This Supreme Court is about to whittle away what little is left of federal voting rights protections. This week, a bare majority of the Supreme Court allowed Republican-drawn congressional districts to remain in effect in Alabama after a panel of three federal judges (two of whom then-President Donald Trump appointed) correctly ruled that Alabama’s congressional map likely violated Section 2 of the 1965 Voting Rights Act.
This Supreme Court is about to whittle away what little is left of federal voting rights protections.
The problem with the newly drawn congressional districts is that while Black people make up more than one-fourth of the voting-age population in Alabama, they would be the majority in only one of the state’s seven congressional districts. This means, as the unanimous three-judge panel (composed of the two Trump appointees and a then-President Bill Clinton appointee) found, the voting power of Black voters would be diluted under Alabama’s map. If Black people are only a majority in one of the seven congressional districts, then it is likely that they will only be able to garner enough support to elect a candidate of their choice in that one district. And diluting the voting power of a racial minority is prohibited under the federal Voting Rights Act, at least for now.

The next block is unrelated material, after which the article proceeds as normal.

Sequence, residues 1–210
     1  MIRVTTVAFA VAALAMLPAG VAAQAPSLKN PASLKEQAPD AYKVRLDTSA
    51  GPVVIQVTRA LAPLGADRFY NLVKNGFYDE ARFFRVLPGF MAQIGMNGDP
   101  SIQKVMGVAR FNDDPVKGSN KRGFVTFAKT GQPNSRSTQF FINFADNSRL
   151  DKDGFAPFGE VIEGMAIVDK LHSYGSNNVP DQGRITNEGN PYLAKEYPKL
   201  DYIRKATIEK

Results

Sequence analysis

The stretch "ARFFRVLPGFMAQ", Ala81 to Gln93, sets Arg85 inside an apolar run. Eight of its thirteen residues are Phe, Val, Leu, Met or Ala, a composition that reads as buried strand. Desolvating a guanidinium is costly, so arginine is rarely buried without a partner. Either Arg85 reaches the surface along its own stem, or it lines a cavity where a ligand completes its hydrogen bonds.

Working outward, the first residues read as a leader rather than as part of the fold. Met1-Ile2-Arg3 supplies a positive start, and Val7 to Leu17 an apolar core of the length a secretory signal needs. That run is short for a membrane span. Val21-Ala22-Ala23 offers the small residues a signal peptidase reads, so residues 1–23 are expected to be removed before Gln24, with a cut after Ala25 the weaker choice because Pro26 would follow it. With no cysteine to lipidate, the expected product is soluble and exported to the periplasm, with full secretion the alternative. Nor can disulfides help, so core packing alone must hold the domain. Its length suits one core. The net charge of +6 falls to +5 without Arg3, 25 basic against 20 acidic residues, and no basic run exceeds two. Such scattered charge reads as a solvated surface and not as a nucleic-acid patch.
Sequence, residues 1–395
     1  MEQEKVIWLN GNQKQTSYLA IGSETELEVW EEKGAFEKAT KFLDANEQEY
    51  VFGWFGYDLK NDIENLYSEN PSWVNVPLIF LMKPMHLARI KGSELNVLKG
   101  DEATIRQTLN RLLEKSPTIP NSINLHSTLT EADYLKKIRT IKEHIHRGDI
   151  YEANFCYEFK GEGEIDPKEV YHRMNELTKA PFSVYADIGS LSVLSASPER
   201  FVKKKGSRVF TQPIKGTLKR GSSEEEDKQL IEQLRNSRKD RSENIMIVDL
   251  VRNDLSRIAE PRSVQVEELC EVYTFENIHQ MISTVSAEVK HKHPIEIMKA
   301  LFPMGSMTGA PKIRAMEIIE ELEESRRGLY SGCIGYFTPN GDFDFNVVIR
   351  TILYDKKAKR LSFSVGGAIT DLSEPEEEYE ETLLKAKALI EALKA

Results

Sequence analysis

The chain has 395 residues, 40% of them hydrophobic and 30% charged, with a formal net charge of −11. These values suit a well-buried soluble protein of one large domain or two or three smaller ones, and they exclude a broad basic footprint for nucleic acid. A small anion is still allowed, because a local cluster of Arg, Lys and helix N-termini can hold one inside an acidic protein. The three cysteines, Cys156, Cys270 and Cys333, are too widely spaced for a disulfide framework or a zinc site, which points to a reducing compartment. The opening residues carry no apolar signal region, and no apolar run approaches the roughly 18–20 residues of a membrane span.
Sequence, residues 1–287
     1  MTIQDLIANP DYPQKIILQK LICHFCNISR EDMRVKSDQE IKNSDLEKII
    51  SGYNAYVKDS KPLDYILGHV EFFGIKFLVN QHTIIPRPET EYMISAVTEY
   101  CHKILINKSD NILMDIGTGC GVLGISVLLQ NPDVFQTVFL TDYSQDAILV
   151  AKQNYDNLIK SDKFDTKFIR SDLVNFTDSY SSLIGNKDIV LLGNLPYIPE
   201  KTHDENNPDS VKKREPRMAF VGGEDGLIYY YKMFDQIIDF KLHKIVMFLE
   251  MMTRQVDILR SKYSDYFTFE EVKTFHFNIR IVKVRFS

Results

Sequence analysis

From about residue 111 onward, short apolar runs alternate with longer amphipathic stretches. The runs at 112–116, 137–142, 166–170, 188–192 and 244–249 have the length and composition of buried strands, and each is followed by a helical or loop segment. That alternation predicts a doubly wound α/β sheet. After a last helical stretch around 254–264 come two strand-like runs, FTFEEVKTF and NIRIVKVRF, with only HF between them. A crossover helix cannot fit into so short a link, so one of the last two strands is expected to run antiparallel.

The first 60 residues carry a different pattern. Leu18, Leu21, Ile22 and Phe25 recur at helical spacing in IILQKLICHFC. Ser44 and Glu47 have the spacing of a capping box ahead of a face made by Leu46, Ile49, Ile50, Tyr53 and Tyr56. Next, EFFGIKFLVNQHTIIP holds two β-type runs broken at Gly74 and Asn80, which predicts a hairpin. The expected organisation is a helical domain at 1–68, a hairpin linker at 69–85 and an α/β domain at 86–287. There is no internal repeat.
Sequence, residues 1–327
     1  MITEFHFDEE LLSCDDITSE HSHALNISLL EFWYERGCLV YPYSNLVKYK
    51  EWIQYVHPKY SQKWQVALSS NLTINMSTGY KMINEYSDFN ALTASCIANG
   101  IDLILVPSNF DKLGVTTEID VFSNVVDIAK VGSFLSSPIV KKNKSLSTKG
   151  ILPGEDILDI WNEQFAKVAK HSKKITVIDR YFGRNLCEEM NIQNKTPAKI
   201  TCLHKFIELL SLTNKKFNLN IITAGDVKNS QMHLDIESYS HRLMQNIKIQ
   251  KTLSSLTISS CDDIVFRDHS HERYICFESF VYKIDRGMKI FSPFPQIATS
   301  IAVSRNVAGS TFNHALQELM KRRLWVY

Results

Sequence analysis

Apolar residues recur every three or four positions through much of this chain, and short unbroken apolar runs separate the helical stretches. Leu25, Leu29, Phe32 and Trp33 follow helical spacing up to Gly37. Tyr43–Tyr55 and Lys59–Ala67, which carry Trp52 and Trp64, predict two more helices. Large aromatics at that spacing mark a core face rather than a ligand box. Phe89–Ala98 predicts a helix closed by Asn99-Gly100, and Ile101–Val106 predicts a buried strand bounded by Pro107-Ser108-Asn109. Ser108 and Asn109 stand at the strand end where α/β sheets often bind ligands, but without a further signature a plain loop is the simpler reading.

Alabama’s emergency appeal to the Supreme Court on the court’s so-called shadow docket means the court’s decision was made without the benefit of a full briefing on the issues or oral arguments. The court will hear arguments about Alabama’s congressional maps, likely next term. But the court’s preliminary decision is still hugely problematic for the next election and those to come.
In the short term, the Supreme Court’s decision to allow Alabama’s map to remain in effect means these are the district lines that will almost certainly be in place during the 2022 election cycle. Justice Brett Kavanaugh voiced concern that it is simply too late in the election cycle to order Alabama to draw new district lines. The legal term for this particular concern is “hogwash.”
First, when they need to, states can redraw lines quickly or even push back the dates of primary elections. As Justice Elena Kagan pointed out in her dissent, Alabama drew the disputed map in approximately one week. The state’s primary election is May 24. Alabama has plenty time.
Second, this is a situation in which there is, in fact, a demonstrated need for Alabama to redraw its lines. The idea that a likely violation of federal voting rights should be allowed to stand throughout an election cycle just because it may be considered relatively late in the game grossly undervalues the importance of voting power. Imagine breaking your arm and your doctor telling you to just wait it out a few weeks because she’s really busy. Your arm is broken now. The harm is happening at this moment. And you need it fixed now.